Chapter 1: Apps 101

If you are well-verses in the basic knowledge and understanding of what apps are, you can skip this section. But if you hear someone say “android” and the first thing you think of is C3PO, then perhaps you should keep reading.

While this book focuses on successfully outsourcing app development for an Apple device, this chapter discusses apps in a more general way. If you are going to get involved in creating and/or marketing apps, you should have the basic knowledge of apps provided here. You need be able to talk intelligently about apps with developers, and to read technical articles related to apps/app development and be able to understand the information presented.

App or Application?

We already described in the Introduction that the term “app” is a shortened version of ‘application’. Plus, we explained “Application” is the general term for computer programs that perform specific functions, like Photoshop for image editing, Word for word processing, and Firefox for web browsing. Besides these well-known PC applications, there are hundreds of other PC programs that do almost anything imaginable. There are also large, highly complex applications that run on business servers and mainframes used for managing their operations. They may focus on one aspect of the business, like accounting, or they can have sweeping functionality ranging from Customer Resource Management (CRM) tools to equipment preventative maintenance programs. These business applications are often referred to as enterprise applications.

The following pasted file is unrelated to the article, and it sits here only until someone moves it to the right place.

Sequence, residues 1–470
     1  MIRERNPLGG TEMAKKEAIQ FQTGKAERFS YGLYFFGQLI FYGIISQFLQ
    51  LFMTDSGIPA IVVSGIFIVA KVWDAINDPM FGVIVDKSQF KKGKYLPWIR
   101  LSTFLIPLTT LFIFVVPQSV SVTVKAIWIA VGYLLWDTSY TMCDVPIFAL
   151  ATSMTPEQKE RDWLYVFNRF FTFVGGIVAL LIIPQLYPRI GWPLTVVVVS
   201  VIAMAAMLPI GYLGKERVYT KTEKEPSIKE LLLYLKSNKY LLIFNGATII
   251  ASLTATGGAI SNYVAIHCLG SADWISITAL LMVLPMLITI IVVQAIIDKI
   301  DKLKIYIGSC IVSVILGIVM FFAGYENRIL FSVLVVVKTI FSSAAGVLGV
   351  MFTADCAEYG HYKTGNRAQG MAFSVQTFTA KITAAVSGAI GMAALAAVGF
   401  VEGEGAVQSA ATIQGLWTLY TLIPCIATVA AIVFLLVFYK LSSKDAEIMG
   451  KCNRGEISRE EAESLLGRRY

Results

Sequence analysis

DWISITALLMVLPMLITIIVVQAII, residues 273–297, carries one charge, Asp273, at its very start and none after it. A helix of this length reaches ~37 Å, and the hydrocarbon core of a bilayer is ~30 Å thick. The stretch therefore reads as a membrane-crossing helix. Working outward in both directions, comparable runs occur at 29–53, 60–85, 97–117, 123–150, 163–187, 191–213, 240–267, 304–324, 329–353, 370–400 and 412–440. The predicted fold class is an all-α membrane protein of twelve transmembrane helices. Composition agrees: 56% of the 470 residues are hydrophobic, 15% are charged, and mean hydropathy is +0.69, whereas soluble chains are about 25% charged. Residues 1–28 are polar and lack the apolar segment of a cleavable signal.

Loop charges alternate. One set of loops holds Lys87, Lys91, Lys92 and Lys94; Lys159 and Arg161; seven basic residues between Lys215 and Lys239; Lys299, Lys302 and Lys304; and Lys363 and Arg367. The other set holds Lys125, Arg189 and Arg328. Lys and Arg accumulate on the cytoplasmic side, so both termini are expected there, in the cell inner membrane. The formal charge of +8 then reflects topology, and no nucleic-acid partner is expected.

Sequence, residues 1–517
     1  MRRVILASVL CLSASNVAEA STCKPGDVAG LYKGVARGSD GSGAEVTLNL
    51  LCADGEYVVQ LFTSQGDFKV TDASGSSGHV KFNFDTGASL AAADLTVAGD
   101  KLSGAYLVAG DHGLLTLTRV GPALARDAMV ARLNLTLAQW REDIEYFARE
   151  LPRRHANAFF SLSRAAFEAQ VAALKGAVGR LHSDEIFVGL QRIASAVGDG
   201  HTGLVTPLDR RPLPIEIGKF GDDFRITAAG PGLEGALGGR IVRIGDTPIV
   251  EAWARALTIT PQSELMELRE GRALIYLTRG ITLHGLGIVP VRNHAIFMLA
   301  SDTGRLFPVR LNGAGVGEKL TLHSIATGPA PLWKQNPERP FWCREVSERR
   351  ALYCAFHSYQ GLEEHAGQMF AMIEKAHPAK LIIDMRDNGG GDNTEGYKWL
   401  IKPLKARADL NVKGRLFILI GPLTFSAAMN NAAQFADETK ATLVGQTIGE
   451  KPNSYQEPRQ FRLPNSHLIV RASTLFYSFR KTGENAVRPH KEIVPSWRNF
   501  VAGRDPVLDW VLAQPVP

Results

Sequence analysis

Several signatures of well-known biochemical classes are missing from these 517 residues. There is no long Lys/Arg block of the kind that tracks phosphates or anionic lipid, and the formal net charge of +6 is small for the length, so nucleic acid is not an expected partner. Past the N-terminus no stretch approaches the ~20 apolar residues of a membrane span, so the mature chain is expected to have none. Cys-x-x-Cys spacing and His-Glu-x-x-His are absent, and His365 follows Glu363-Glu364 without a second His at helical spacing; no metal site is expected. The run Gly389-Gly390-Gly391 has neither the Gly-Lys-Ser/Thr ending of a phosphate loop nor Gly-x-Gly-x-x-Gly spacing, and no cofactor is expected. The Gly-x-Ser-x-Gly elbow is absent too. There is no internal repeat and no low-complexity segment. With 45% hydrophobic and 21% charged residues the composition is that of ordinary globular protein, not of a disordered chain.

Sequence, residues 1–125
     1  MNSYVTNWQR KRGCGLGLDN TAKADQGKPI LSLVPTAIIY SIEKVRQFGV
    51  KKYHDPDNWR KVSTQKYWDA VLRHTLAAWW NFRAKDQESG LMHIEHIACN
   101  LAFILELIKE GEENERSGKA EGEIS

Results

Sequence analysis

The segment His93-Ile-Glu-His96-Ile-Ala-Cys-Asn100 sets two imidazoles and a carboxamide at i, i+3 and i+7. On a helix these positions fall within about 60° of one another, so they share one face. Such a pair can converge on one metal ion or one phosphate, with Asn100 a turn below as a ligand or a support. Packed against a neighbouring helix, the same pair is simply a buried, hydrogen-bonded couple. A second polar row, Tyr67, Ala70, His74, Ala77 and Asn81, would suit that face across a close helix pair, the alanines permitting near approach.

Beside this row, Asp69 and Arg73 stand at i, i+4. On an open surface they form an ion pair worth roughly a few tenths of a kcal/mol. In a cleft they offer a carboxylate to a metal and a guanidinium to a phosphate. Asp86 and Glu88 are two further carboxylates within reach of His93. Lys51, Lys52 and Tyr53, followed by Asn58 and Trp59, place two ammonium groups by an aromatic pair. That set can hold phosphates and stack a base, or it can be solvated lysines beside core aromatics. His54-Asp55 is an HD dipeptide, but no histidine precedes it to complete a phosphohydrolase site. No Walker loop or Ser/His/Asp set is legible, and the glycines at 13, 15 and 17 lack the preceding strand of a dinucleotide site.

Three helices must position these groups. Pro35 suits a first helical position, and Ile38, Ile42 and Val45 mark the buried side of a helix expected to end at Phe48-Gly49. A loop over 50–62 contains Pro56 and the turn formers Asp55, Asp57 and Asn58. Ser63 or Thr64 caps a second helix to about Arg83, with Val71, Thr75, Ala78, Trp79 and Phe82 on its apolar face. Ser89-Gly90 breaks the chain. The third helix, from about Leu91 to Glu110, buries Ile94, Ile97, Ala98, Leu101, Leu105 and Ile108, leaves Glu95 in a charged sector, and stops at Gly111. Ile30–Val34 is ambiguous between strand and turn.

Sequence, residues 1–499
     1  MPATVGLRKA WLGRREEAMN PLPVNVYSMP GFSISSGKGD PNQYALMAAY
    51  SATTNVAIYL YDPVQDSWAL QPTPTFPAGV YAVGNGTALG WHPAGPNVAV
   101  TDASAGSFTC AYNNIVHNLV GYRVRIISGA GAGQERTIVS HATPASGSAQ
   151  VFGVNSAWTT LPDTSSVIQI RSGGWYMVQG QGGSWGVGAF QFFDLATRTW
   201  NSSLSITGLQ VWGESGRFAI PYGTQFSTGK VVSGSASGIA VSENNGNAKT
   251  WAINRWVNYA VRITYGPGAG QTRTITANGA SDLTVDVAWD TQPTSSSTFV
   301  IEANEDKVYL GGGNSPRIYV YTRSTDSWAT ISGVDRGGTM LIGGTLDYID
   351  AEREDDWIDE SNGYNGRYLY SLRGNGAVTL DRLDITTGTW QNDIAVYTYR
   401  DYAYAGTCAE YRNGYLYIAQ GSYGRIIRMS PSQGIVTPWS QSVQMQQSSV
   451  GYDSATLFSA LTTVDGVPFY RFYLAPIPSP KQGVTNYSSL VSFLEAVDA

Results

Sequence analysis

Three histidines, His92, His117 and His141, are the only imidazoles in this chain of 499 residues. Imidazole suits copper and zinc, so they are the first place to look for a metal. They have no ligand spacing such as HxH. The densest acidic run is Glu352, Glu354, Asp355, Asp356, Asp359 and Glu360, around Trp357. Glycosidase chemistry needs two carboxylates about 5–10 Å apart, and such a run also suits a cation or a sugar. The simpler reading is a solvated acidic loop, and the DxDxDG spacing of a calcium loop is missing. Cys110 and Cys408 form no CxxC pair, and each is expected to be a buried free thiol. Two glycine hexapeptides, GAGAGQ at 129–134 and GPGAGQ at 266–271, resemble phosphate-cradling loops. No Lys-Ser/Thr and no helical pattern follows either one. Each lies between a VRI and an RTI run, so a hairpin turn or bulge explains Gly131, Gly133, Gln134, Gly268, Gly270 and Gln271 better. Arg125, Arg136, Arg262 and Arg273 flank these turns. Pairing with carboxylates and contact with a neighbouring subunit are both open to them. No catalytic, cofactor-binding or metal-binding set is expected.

Semantically, the term app might occasionally be used in a broader context to refer to any of the above mentioned applications. Currently, however, the shortened term “app” most commonly refers to a program created for mobile devices like smartphones and tablets. It seems highly appropriate that the term app is an abbreviated form of application, since apps are abbreviated versions of typical computer applications. Apps tend to be shorter, simpler and more directed to highly specific tasks than PC applications. For example, while most people may use Word for basic typing, it is a very complex, powerful program that can do all kinds of amazing things to help you create and produce documents. Apps are typically not as complex and multifunctional.